Direct retail is another important avenue, and factors into many of the new strategies. “Now we have the facilities, I believe we can sell much more to our local community,” says Michael Newton-Smith. “Eastbourne’s a big town, with lots of middle-income families. Selling good-quality fish to them, and securing a better price, should be an easy win.”

Keith Chapman says he “wouldn’t have even looked at retail” 10 years ago, but acknowledges the need to react to new demands: “The industry’s changing a lot, and we have to be open minded about it.”

Despite the potential for domestic growth, Keith sees export as essential. He enjoys success in Western Europe, trading in species which have little commercial value in the UK, such as small plaice and sole.

It’s a complex business, requiring capital, approved premises, and a good logistical brain, says Chapman’s Head of Exports, Louise Chisholm – but Rye’s export hub can open that door, and its staff numbers are growing in line with demand. “There’s a really good future ahead of us,” she says.

Chapman’s is also looking to introduce apprenticeships, paving the way for the next generation of skilled workers.

Sustainable thinking

The driving force behind all this activity is fresh consumer demand for fresh food. More and more people want to understand the provenance of what they’re eating, and to mitigate their impact on the environment – and this means a renaissance for traceable, sustainably caught fish and seafood.

According to the Marine Stewardship Council, 72% of UK consumers now recognise the importance of only consuming fish and seafood that comes from sustainable sources, and spent £1.3b on its certified foodstuffs in the UK and Ireland in 2020 – a figure that’s increased more than tenfold in a decade.

“Consumers increasingly want to understand the origin of their food, so the sustainable local food movement definitely offers potential for smaller, in-shore catches.”

Representative from Regeneration Team at Lewes District council

And there’s even greater potential if consumer perceptions can be realigned. “Marketing matters,” says the owner of three-boat Hastings business, Leeside Fishing, who says people need to rethink their buying habits: “In Europe, they go crazy for cuttlefish – so why not here? When the hot weather hits, there’s an abundance of spider crabs – but no-one wants to buy them with that name, so locally they’re going to try selling them as ‘Rye Bay King Crab’ instead!”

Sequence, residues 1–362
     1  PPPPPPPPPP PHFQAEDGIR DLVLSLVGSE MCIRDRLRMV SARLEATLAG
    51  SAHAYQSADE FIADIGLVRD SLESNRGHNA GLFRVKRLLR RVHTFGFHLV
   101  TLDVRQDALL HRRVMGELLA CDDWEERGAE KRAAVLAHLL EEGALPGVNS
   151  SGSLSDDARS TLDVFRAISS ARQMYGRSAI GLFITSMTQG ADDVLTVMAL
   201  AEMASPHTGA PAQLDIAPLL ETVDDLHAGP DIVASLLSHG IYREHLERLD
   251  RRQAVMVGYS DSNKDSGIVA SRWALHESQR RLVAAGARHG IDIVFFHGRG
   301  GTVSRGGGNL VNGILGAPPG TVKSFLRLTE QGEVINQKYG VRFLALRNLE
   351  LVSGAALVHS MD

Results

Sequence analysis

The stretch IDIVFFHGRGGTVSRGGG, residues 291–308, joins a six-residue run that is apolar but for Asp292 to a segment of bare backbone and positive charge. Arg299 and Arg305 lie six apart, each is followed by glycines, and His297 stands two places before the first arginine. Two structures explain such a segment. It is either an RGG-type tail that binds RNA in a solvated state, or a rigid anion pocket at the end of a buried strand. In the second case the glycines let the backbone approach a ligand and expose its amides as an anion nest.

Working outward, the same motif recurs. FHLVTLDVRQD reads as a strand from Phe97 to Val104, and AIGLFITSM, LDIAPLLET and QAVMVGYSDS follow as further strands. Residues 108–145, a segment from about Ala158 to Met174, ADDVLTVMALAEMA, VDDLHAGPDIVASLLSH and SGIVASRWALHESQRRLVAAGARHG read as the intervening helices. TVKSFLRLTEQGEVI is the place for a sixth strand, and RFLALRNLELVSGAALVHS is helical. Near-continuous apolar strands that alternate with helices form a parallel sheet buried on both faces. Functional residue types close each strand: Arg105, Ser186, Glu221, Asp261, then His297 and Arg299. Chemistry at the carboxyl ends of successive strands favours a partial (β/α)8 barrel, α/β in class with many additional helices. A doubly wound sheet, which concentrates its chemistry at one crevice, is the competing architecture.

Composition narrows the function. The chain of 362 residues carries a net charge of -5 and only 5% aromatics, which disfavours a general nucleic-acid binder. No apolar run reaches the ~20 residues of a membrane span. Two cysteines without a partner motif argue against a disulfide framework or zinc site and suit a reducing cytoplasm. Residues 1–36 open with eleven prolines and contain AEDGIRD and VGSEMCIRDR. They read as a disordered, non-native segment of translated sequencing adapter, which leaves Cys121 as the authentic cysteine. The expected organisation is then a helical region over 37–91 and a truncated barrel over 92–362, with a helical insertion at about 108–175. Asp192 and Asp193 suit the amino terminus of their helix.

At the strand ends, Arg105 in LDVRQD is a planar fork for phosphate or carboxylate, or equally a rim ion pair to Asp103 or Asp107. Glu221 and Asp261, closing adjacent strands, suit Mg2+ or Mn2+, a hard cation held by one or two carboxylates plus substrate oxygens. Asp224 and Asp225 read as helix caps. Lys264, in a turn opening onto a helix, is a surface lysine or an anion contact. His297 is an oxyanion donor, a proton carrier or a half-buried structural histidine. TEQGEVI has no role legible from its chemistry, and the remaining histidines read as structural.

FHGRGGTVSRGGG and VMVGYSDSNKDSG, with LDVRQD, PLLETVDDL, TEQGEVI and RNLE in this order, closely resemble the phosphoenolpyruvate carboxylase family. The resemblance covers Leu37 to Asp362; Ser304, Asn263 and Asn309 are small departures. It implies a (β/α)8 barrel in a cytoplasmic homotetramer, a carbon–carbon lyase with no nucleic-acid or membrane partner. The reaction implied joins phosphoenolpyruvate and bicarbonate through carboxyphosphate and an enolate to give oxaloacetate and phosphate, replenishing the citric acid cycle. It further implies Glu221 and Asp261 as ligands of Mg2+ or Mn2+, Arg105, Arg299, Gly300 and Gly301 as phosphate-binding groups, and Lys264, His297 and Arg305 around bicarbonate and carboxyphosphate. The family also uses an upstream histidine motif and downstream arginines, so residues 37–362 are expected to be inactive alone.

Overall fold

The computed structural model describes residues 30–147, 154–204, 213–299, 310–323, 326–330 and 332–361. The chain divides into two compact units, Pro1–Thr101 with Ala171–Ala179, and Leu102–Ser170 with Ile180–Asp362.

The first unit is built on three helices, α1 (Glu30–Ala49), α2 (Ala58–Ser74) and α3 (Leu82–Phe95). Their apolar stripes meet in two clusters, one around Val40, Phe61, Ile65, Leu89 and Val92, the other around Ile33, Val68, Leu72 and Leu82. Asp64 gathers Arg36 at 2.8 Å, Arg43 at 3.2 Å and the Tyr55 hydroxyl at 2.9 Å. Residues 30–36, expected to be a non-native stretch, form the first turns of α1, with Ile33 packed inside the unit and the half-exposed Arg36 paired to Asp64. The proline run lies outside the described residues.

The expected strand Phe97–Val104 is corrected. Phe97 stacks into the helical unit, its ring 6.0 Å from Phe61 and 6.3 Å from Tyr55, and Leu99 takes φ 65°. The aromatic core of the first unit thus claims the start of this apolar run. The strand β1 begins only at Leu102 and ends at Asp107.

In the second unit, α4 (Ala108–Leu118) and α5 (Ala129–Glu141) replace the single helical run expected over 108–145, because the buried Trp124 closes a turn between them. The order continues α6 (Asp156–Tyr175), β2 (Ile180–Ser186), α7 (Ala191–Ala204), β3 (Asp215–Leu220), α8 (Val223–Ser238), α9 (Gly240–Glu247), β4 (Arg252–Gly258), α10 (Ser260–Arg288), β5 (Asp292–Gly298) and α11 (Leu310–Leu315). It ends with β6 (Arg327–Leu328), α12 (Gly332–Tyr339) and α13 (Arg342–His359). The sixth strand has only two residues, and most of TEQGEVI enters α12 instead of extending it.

Low-value crab and fish, such as whiting, dab and flounder, could end up returning better prices for Keith Chapman, who is looking to establish a processing area dedicated to the production of stocks, soups and crab cakes.

“Public attitudes to fish have changed,” he says. “People want to know what’s sustainable, and are more open to trying different things that haven’t traditionally been marketed in the UK.”

Scaling up

Buoyed by invaluable funding support and advice, these progressive businesses are striving to make an old trade fit for the future, and seizing every competitive advantage going.

The Regeneration Team suggests that, despite the ever-changing rules, and competition from big industry, there remains “the possibility of more effective regulation of fishing areas to support a fair playing field” for dayboat operators – which would enable them to play a more pivotal role in the nation’s future.

Michael Newton-Smith explains: “It’s much more important now that we look after the renewables that we didn’t know were renewables. Fish and shellfish that are well managed are effectively a renewable food source – and a high-quality, cost-effective choice.”

Throw in the environmental benefits, greater diversity, new routes to market, and the tourist draw of heritage industry, and you have a truly fresh recipe for success on the East Sussex coast.

Locate East Sussex have supported local fisherman to access funding vital for the sustainability and progression of their business. To see how we can help you. Get in Touch


To some extent, we’re trying to future-proof our industry.

Louise Chisholm
Chapman’s Head of Exports

For support and advice on how to progress with your business goals get in touch and one of our team will contact you to discuss you needs.